A bad court decision for free speech

The Dom Post reports:

Winston Peters has won a case that resets the Electoral Commission’s clock on the publication of false election advertising on the internet.

The NZ First leader complained about two false statements published in the two days leading up to, and the day of, the September 2014 general election.

One complaint was against an ACT party candidate’s Chinese language television advertisement misquoting Peters on comments he made about Hong Kong-born businessmen John and Michael Chow’s plans for a 15-storey adult entertainment centre in Auckland.

The other was the Conservatives making misleading statements about NZ First’s alcohol reform policy and not correcting the statements even after the Advertising Standards Authority said they were wrong.

It is an offence to publish a statement known to be false, with the intention of influencing voters, on polling day or on the two days before polling day.

The Electoral Commission refused to act on Peters’ complaint about the two advertisements because it said they were not first published on the banned days.

Peters asked the High Court to clarify the point and has won his case.

In her decision issued on Wednesday Justice Jill Mallon​ said the issue was whether “publish” meant “first published” or first published earlier and continued to be available on the internet on the banned days. 

The judge said the law did not require the statements to be first published on the banned days. The law covered the situation of statements being published earlier and not having been removed.

I rarely criticise a judicial decision interpreting electoral law, but in this case I will.

I think the decision is a significant blow to in election campaigns, and also places little credence on the intent and legislative history of the law.

Most issues of speech in NZ do not involve criminal penalties. We have civil remedies such as defamation, and also institutions such as the ASA, Press Council and BSA who can rule of whether some statements are misleading.

It should be very very rare that you face going to jail for what you say, unless it is of the level such as threatening to kill.

The has one of those rare exemptions, S199A which says:

Every person is guilty of a corrupt practice who, with the intention of influencing the vote of any elector, at any time on polling day before the close of the poll, or at any time on any of the 2 days immediately preceding polling day, publishes, distributes, broadcasts, or exhibits, or causes to be published, distributed, broadcast, or exhibited, in or in view of any public place a statement of fact that the person knows is false in a material particular.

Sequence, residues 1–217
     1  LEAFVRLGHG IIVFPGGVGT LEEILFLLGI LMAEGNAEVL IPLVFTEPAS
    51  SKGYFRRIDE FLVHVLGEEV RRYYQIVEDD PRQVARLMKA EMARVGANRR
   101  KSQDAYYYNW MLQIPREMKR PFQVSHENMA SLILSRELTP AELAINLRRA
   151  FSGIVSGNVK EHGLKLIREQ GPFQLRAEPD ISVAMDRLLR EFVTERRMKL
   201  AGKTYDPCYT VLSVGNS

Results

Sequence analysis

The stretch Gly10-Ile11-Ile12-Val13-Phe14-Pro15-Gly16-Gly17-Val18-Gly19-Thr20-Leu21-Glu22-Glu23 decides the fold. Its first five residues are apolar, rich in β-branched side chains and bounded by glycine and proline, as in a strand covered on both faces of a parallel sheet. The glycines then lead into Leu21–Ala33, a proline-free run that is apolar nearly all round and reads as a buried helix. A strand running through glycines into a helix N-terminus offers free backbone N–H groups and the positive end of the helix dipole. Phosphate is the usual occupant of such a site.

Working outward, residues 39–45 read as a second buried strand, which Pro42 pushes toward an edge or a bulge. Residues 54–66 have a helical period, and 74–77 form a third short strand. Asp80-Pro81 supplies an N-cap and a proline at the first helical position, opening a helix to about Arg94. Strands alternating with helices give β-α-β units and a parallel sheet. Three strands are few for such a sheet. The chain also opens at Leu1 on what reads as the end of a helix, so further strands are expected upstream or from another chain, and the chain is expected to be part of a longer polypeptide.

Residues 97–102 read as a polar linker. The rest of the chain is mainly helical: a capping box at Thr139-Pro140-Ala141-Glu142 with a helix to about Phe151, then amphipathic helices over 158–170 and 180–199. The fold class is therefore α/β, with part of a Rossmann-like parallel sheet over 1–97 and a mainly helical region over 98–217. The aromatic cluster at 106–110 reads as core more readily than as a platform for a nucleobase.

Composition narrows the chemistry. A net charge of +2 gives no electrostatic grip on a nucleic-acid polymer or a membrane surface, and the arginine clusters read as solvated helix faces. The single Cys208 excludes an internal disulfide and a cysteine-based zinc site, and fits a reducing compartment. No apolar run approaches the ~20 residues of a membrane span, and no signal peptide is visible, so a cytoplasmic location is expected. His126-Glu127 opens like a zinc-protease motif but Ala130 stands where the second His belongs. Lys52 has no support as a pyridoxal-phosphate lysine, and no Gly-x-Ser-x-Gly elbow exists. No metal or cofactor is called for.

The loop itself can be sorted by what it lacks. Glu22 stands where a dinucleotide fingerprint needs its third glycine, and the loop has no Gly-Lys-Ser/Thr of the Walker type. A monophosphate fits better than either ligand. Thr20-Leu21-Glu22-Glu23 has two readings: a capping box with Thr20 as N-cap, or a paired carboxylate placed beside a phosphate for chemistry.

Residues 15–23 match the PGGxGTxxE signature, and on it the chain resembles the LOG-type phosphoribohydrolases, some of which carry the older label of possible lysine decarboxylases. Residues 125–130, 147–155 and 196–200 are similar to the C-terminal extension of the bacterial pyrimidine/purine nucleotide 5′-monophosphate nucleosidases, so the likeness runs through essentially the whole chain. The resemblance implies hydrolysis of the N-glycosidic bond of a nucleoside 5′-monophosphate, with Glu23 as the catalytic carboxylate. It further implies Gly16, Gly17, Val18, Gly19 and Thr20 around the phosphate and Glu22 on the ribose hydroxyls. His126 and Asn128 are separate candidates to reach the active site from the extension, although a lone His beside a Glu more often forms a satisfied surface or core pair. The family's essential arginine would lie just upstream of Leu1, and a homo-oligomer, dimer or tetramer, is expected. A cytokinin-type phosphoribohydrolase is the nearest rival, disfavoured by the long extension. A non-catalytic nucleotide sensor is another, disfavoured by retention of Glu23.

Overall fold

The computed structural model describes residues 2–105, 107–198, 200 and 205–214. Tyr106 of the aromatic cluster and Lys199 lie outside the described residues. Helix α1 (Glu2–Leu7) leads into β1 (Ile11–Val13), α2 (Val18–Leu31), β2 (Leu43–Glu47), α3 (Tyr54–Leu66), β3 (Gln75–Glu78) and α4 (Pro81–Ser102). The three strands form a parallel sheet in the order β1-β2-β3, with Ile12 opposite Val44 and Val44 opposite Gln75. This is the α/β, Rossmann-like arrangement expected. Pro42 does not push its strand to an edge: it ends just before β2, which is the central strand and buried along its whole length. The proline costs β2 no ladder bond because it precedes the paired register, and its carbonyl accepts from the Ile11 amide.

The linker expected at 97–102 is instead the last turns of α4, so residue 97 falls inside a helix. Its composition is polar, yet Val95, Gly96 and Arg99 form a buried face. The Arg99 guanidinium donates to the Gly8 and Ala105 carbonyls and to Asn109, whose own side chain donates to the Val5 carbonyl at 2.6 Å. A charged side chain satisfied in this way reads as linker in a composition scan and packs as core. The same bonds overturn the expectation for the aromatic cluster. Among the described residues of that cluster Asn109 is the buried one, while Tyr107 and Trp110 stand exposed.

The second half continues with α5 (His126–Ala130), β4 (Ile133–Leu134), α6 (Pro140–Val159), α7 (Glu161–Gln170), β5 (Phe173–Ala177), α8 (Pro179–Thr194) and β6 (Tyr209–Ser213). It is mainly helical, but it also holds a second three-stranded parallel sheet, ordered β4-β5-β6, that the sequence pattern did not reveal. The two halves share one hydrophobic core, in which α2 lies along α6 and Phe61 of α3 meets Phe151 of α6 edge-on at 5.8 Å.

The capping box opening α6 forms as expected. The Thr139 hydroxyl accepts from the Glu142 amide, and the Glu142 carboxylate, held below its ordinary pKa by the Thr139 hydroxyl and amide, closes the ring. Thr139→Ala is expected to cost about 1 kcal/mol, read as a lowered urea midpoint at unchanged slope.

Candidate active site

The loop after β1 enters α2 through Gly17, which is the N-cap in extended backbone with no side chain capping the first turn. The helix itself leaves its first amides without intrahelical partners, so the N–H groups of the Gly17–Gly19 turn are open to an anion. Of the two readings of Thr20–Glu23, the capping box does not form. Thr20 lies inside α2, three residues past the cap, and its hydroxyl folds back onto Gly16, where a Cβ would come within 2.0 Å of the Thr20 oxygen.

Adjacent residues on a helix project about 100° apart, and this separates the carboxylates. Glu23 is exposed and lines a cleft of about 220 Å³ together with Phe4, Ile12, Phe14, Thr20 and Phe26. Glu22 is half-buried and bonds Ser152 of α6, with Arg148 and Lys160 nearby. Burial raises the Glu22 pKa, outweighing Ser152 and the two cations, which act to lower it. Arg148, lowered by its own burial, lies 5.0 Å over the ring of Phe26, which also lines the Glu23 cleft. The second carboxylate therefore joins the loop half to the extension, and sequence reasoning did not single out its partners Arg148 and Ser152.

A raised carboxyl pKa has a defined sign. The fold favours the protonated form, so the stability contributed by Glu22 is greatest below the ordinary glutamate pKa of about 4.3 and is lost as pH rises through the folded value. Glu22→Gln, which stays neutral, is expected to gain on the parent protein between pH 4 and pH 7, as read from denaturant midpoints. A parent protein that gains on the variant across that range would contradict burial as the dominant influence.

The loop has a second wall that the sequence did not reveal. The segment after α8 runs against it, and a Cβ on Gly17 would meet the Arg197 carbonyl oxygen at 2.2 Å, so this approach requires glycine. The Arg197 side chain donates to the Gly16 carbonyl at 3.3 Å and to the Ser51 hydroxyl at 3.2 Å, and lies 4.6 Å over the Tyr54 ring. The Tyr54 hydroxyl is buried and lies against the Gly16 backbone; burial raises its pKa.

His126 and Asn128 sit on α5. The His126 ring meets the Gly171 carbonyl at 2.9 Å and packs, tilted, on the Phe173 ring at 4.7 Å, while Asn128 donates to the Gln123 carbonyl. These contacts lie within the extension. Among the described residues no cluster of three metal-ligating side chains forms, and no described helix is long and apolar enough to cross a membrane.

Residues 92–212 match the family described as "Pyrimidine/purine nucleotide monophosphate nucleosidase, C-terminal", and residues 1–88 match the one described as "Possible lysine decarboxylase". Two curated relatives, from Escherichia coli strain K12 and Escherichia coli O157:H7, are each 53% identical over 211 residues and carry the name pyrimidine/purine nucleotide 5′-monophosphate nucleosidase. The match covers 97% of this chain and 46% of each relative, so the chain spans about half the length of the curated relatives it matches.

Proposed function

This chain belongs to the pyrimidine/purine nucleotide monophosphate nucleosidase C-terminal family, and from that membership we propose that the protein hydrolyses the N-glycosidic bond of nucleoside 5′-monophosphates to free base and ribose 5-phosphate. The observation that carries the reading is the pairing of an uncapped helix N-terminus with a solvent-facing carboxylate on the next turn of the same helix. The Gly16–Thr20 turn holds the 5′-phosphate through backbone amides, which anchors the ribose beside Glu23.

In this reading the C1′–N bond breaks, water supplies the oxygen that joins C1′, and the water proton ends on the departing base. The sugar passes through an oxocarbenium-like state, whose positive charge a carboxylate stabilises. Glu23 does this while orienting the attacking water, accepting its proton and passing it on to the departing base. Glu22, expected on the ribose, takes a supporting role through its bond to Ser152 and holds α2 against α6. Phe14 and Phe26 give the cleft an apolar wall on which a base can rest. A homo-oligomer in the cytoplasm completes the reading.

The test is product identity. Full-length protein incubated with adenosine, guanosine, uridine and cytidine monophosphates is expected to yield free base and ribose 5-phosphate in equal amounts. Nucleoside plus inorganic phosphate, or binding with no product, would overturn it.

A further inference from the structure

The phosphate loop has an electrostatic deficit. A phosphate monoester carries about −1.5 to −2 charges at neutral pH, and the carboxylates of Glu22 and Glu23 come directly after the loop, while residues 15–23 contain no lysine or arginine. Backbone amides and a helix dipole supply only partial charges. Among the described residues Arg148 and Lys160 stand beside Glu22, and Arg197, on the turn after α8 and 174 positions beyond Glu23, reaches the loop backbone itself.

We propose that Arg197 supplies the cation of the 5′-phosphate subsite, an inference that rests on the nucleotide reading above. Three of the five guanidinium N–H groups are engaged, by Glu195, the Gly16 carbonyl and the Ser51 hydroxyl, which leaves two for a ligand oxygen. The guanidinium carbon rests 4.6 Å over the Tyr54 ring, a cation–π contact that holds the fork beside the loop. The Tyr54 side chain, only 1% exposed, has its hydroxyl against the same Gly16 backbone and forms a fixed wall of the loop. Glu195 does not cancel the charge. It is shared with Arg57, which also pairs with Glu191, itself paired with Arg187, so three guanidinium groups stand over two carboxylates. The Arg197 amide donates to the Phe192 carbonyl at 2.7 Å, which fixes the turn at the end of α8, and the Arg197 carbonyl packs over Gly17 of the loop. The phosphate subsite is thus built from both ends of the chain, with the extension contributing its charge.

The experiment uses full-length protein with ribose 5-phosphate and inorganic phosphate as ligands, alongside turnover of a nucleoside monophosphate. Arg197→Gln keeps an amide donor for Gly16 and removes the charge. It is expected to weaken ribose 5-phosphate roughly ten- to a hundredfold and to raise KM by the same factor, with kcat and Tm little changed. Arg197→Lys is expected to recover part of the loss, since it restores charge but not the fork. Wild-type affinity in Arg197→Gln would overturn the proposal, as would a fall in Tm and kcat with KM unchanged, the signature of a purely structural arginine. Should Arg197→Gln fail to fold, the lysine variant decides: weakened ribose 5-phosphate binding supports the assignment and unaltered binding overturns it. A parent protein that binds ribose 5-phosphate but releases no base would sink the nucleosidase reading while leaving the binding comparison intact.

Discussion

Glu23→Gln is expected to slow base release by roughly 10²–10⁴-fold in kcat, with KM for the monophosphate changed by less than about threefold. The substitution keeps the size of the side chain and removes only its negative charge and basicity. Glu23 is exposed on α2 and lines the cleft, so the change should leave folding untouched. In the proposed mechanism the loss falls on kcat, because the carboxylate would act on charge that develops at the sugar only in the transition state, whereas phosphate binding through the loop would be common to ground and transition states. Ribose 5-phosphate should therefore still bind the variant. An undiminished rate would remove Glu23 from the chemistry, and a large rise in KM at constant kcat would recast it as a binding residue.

The maximum penalty for being found guilty of a corrupt practice is two years in jail and losing the right to vote for three years.

The intent behind this section is to cover a situation where say the day before the election a pamphlet is delivered to every household saying “A is a child abuser”. There is no time for the person named to refute it, the media to report it, and it has a significant impact on the election. If you are the rival of Candidate A, you might be willing to risk defamation (if you are wealthy) if it will throw the election your way. Hence the reason the section was placed in the Act – to provide a greater deterrent.

The court has ruled that this section can now cover any statement made at any time, so long as it is still publicly available in the two days before the election. This is a significant “change”.  You may now see politicians threatening people with criminal prosecutions for things said months before an election, unless they refuse to take them off the Internet. As a criminal issue, you would need it proven what you said is false, and you knew it was false, and you refused to withdraw it. But in an election campaign it is very common for people to claim that what someone else has said is false. The chilling effect of then threatening you with criminal prosecution is significant.

Peters is someone who does. He threatened me under this very clause when in 2008 I (correctly) pointed out that NZ First had not filed new party rules allowing a candidate (Peters) to be one the list without standing as a electorate candidate (which he was not), and that this raised issues of whether his nomination was valid.

Having S199A applying to statements made before the last 48 hours goes against the idea that this is for stuff where it is too late to respond. If a week before the election you think someone has said something false, you can rebut them and publish why they are wrong. The day before an election you might not be able to.

In view of this court ruling, I think Parliament should look at whether S199A should be amended or repealed. It was written in the days before the Internet and news cycles that are instant, not once a day at 6 pm. If someone says something false 48 hours before the election, you can have a rebuttal published within an hour, and through social media generate a backlash against the person making the false claim that will reach most voters (as media will pick it up also).

There should be consequences for people who make knowingly false claims to influence an election, But those consequences should be electoral, civil or reputational – not criminal.

If this law is left unchanged, then powerful politicians will use to to bully critics to remove criticism of them, with the threat of going to jail if they don’t. Sure many will be defiant, but many will think it is not worth the risk.

So as I said I think the ruling is a very bad one for political speech.

 

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